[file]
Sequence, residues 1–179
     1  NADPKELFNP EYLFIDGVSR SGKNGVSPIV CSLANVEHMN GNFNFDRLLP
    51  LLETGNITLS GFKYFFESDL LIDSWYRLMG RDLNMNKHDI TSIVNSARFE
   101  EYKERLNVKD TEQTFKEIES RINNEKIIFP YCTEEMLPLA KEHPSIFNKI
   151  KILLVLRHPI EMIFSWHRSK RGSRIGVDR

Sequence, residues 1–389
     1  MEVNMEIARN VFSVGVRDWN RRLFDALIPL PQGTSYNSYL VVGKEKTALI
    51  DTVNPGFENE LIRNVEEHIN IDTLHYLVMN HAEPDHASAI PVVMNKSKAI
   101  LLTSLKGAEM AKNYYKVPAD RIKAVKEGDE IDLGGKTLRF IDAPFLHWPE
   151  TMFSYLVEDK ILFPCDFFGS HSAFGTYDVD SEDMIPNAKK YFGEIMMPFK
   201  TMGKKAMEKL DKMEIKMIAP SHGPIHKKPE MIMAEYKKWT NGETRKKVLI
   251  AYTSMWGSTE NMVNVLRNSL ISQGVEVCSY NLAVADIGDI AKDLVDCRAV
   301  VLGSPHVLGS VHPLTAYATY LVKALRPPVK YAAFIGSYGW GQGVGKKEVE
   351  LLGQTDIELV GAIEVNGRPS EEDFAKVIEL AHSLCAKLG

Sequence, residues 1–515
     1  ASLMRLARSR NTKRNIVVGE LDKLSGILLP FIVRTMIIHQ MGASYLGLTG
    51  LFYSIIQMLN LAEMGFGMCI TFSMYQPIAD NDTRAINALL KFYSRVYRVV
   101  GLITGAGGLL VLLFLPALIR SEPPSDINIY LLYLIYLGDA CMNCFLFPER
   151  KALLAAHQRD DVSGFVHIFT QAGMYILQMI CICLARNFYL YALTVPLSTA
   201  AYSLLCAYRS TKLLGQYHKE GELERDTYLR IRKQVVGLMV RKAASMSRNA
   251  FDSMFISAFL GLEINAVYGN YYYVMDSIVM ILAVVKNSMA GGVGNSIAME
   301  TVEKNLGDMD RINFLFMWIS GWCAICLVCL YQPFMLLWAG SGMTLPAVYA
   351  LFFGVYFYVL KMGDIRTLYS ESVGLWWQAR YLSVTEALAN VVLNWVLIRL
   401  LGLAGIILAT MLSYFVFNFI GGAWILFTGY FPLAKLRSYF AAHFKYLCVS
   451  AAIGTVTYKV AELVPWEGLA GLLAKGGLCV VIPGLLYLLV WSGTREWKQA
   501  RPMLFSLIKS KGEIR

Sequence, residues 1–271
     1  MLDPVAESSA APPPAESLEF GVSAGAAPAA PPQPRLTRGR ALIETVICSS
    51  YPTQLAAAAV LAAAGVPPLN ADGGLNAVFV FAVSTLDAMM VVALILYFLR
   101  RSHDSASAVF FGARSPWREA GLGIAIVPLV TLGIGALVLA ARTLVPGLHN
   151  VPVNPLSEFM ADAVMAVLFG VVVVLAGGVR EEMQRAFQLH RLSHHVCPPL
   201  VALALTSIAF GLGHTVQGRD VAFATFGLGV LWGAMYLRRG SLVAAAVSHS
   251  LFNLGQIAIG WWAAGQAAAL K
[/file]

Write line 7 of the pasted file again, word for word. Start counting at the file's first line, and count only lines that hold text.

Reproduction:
     1  MEVNMEIARN VFSVGVRDWN RRLFDALIPL PQGTSYNSYL VVGKEKTALI